Search Images Maps Play YouTube News Gmail Drive More »
Sign in
Screen reader users: click this link for accessible mode. Accessible mode has the same essential features but works better with your reader.

Patents

  1. Advanced Patent Search
Publication numberUS6139945 A
Publication typeGrant
Application numberUS 08/978,026
Publication dateOct 31, 2000
Filing dateNov 25, 1997
Priority dateNov 25, 1997
Fee statusLapsed
Also published asCA2253071A1, CN1229025A, EP0919367A2
Publication number08978026, 978026, US 6139945 A, US 6139945A, US-A-6139945, US6139945 A, US6139945A
InventorsMark Krejchi, Robson Mafoti, Tony Oriseh, Jim Gonzales, Mike Ingrim
Original AssigneePremark Rwp Holdings, Inc.
Export CitationBiBTeX, EndNote, RefMan
External Links: USPTO, USPTO Assignment, Espacenet
Having sufficient rigidity and mechanical properties for use as a substrate in structural and decorative uses such as laminate flooring or decorative laminate.
US 6139945 A
Abstract
A polymeric foam composition is provided for use as a substrate in decorative compositions having at least one decorative layer on the substrate, wherein the substrate is prepared by foaming a composition made of (i) a resin matrix of one or more polymers selected from acrylonitrile-butadiene-styrene (ABS) polymers, polycarbonates, polystyrenes, polyphenylene oxide and polyvinyl chloride polymers, preferably obtained from recycled plastics, and (ii) a filler, using one or more blowing agents. The resulting foam composition has physical and mechanical properties sufficient for its use in place of fiberboard or particle board in the preparation of various laminate based decorative products, such as laminate flooring, solid surface laminates, countertops, etc.
Images(1)
Previous page
Next page
Claims(28)
We claim:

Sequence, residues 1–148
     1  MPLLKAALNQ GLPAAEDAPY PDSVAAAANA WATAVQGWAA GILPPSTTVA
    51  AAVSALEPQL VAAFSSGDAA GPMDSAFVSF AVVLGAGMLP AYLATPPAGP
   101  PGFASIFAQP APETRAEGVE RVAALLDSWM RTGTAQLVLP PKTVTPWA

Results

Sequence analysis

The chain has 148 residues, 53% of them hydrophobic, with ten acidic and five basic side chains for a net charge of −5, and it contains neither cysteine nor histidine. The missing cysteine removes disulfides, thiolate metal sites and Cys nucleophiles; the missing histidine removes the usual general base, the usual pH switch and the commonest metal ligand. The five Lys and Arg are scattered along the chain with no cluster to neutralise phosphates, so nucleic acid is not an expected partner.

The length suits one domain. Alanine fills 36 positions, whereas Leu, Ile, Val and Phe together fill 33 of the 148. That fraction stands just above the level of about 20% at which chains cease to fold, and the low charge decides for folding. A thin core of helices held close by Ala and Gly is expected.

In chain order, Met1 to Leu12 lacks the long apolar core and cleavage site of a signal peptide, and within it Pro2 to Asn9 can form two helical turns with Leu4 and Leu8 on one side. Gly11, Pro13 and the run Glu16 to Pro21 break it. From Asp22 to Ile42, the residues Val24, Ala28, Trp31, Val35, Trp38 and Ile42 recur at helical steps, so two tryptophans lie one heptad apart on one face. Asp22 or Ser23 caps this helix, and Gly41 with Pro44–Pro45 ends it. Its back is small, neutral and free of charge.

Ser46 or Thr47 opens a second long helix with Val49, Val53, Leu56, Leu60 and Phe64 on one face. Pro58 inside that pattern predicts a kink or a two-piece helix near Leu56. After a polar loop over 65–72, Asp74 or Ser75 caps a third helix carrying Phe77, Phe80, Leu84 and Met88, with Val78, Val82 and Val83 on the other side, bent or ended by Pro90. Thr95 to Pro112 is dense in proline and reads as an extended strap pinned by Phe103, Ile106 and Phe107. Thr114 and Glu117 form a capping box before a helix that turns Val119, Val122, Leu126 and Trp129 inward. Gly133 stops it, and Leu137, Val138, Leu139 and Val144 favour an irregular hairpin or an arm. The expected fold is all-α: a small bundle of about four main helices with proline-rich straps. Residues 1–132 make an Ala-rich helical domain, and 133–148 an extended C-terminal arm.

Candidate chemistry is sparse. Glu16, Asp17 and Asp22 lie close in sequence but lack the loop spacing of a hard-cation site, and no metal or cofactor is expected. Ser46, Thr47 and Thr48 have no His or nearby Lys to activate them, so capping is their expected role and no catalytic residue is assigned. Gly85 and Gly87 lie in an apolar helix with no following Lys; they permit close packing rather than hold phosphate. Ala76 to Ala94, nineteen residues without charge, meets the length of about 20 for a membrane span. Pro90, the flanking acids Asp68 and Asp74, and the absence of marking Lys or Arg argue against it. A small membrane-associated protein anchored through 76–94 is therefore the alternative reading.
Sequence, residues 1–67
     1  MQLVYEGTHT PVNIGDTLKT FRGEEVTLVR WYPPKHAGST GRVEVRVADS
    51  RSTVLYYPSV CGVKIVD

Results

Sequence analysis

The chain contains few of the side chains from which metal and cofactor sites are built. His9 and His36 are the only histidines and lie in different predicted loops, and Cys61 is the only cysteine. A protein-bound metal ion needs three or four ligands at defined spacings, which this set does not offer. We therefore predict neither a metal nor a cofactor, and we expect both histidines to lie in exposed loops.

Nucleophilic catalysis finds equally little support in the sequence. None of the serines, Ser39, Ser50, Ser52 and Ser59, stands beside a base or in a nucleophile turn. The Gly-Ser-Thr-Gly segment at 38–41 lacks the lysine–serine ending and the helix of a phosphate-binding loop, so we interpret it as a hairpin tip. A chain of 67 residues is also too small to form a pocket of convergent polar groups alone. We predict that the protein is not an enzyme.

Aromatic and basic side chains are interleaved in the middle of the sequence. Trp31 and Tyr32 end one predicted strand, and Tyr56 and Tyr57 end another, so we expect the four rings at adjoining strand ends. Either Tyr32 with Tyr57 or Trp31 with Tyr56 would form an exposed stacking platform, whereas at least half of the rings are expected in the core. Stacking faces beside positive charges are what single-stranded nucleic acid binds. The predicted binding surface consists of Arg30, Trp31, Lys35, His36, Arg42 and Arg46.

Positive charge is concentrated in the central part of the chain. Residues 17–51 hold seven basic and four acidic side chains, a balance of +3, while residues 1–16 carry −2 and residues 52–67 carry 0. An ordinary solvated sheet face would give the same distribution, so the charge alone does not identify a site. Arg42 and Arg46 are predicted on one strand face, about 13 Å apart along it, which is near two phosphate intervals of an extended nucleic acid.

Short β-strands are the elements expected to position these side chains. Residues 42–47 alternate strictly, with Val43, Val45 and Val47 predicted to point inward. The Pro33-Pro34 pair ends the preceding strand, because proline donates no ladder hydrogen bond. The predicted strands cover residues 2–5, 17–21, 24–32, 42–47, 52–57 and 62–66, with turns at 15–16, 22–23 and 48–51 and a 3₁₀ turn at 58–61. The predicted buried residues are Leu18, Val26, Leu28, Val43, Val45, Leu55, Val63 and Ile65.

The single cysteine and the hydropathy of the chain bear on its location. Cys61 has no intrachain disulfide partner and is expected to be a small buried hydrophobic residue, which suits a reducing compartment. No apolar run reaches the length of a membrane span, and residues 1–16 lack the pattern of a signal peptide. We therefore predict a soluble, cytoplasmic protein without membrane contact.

1. A multilayer decorative composition comprising:
a substrate comprising a polymer foam, wherein the polymer foam is prepared by foaming a composition comprising (i) a resin matrix of at least two polymers selected from the group consisting of acrylonitrile-butadiene-styrene (ABS) polymers, polycarbonates, polystyrenes, polyphenylene oxide and polyvinyl chloride polymers and (ii) a filler, wherein said polymer foam is prepared using a blowing agent selected from the group consisting of exothermic blowing agents, endothermic blowing agents and mixtures thereof, and wherein said resin matrix is obtained by reclamation of recycled polymeric waste by a process comprising: removing substantially all non-plastic parts from the recycled polymeric waste and granulating the remaining plastic; and
one or more decorative layers bonded to at least one surface of said substrate, wherein said decorative layers comprise a decorative paper impregnated with a melamine formaldehyde resin.
2. The multilayer decorative composition of claim 1, wherein said resin matrix comprises at least one member selected from the group consisting of fire retardant ABS polymers and glass filled ABS polymers.
3. The multilayer decorative composition of claim 1, wherein said resin matrix comprises at least one member selected from the group consisting of high impact polystyrenes (HIPS).
4. The multilayer decorative composition of claim 1, further comprising an overlay impregnated with said resin on said decorative paper.